Gottlieb added that Beverley also lost people completely “acting like the arrogant NBA athlete that so many assume that NBA athletes are.”

“To be in the NBA and say things that are demonstrably false, outright mean, and oh by the way, obtuse to reality and turns people off to your sport,” he said. “Congratulations, hell of a week and you’re only in day two.”

While Beverley may not have Gottlieb singing his praises as an analyst, the T-Wolves journeyman did get the attention of Barstool Sports president Dave Portnoy. Portnoy said if Beverley wanted to do a podcast for the company, he would give him a blank check and hire him no questions asked.

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Mick Hubert to Retire After 33 Years As Voice Of Florida Gators

“This wasn’t the end of a five-year plan. I don’t know if I can explain how I knew, but I knew.”

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After more than three decades and more than 2,500 games called in Gainesville, Mick Hubert is retiring as the voice of the Florida Gators.

Hubert, 68, will call it a career after the Florida baseball team concludes its regular season this weekend.

Hubert, who’s called numerous Gators national championships across multiple sports in his tenure, said he had been thinking about retiring but finally had peace about it to make the decision.

“This wasn’t the end of a five-year plan. I don’t know if I can explain how I knew, but I knew,” he said. “I had been considering this for a little while. I just had to do some praying about it and enjoy every game.”

The longtime broadcaster is a 2019 inductee into the Florida Sports Hall of Fame.

Hubert said he poured his heart and soul into broadcasts and that hopefully fans recognized that.

“I hope they heard the enthusiasm, and the credibility is important to me,” he said. “You need to be factual and credible, but you need to be enthusiastic. That’s what I always felt. I always wanted to take my audience on a roller-coaster ride of emotions. I also wanted to give them enough information so they could paint that picture in their mind.”

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Reporter Tells Kevin & Query About NBA Draft Lottery Security Measures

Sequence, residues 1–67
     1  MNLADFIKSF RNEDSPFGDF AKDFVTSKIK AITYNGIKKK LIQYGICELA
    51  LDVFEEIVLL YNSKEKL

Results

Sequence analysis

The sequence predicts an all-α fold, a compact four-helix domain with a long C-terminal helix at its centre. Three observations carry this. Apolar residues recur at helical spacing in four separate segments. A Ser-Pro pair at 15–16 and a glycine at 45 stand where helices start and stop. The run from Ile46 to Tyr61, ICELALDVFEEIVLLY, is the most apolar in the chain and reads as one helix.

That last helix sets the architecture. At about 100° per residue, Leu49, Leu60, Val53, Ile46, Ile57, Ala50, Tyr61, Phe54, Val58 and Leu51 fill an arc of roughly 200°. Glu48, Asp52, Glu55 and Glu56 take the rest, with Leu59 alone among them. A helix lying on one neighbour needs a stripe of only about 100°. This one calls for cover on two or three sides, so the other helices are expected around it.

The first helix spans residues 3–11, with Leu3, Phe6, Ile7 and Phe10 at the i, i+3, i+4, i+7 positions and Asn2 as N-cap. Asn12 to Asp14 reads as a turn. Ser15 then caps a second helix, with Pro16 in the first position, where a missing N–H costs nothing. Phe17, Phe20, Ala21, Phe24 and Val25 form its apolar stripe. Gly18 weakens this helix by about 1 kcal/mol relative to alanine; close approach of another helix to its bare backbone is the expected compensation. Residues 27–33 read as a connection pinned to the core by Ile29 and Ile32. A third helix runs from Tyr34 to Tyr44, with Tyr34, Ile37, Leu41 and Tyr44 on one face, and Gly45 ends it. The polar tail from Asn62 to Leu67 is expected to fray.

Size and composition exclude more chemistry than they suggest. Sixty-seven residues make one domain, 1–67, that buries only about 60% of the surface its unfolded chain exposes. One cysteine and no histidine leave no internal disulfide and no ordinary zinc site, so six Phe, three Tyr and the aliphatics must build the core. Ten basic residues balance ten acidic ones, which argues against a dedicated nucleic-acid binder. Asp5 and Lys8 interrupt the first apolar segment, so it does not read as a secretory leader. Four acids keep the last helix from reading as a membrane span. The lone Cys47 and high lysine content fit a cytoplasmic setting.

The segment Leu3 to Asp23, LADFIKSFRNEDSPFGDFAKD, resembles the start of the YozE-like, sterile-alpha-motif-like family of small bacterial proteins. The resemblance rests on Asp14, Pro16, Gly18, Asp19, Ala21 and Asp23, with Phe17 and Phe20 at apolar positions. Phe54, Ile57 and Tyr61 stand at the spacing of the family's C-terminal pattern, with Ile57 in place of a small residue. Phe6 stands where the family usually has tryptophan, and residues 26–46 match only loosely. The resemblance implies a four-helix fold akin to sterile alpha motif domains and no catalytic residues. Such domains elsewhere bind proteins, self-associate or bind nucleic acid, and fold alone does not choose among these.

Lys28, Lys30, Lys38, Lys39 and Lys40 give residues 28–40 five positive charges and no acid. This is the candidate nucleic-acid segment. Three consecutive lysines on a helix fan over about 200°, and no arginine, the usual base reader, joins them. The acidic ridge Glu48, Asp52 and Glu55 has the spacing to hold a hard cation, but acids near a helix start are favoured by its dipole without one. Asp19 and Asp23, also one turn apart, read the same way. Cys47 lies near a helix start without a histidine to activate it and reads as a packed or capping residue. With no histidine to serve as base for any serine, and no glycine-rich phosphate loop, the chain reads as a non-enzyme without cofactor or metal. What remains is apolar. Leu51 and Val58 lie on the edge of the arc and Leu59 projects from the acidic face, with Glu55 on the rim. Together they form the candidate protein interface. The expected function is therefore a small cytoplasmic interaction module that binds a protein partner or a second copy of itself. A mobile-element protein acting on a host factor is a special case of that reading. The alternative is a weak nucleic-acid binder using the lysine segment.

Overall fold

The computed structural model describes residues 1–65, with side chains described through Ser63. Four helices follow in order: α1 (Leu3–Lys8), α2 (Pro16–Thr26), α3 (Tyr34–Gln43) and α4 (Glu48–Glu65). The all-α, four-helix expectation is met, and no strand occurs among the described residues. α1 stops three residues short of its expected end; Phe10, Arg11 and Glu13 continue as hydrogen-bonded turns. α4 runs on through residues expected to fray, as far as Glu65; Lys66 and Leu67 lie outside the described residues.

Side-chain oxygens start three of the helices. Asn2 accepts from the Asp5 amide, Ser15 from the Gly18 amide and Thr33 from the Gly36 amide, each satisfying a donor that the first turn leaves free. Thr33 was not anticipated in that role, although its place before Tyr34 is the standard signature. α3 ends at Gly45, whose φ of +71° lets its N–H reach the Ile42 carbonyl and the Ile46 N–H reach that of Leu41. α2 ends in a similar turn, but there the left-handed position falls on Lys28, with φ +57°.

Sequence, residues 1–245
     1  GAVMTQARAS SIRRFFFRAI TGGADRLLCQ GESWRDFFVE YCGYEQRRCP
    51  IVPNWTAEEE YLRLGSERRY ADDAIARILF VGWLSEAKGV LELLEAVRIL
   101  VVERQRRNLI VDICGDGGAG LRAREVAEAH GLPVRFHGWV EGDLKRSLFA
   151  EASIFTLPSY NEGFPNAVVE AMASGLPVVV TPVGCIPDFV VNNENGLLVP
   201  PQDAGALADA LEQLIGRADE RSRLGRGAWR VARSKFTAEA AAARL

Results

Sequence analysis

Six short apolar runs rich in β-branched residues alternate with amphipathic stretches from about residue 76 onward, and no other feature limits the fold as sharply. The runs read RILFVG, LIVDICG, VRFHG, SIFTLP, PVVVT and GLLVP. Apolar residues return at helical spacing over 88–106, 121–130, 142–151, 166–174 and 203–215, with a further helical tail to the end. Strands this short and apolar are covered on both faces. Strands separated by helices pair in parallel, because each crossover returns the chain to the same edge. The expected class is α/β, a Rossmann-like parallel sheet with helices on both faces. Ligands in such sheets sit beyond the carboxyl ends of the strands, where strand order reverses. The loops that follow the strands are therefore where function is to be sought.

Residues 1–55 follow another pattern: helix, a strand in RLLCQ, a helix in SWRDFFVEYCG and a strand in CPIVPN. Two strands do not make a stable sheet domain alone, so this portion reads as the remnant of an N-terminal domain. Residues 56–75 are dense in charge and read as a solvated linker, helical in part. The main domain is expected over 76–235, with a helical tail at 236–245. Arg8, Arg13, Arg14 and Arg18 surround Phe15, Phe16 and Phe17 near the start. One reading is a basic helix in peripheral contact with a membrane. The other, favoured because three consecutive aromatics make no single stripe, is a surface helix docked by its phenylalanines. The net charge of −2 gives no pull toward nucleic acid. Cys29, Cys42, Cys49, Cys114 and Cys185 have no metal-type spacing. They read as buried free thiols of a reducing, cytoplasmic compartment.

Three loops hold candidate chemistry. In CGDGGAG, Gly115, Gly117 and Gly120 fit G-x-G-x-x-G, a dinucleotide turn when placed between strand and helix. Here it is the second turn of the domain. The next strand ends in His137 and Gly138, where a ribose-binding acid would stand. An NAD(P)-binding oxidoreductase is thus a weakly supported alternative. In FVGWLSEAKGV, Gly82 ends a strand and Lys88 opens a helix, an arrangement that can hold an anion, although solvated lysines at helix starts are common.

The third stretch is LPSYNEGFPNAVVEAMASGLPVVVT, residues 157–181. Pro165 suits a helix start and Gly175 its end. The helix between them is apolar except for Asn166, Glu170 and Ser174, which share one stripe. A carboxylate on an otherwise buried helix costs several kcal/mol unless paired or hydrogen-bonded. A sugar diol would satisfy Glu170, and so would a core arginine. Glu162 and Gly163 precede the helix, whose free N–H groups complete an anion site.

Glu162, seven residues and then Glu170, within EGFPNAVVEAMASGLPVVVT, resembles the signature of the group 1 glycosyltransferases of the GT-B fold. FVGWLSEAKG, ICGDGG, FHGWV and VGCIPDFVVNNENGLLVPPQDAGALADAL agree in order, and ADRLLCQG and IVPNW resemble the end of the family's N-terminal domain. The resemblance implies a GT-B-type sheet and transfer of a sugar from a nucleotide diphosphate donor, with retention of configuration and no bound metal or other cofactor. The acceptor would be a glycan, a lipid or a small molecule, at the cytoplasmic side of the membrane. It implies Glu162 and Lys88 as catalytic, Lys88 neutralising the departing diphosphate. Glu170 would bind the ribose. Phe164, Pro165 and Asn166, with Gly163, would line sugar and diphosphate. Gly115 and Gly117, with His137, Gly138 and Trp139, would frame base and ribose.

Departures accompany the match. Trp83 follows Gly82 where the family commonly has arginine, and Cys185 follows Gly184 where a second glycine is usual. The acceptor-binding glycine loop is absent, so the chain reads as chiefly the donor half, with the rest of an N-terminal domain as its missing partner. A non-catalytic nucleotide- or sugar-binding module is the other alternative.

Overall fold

“By the time you’re watching the production on ESPN for the lottery, we already know.”

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The NBA Draft is coming up towards the end of June, and the top half of the draft order was set this week in the NBA Draft Lottery.

The lottery adds a level of excitement to the mix because you never know if the team with the best odds for the number one pick will actually get it.

But it’s a whole process that actually unfolds well before it airs on ESPN. Pacers reporter Scott Agness of Fieldhouse Files told Kevin Bowen and Jake Query on 107.5 The Fan in Indianapolis what it was like to have access to the lottery.

“By the time you’re watching the production on ESPN for the lottery, we already know,” he said. “It’s already happened. But we’re locked down, sequestered in a room, a ballroom, can’t leave.”

What was even more interesting to Agness was the fact that even people representing lottery teams were under an embargo until the results aired on TV.

“We had all that good info, but the person that won the lottery for instance couldn’t call and celebrate with their people,” Agness said. “None of us in the room could tweet it out because none of us had our devices.”

Agness added that the league had contingency plans in case the lottery drum failed, if the same team had its ping pong ball drawn, and just about every other scenario you could think of. He said he was very impressed with how the NBA did things.

“It was kind of cool to see how well-run everything was in the end,” he said.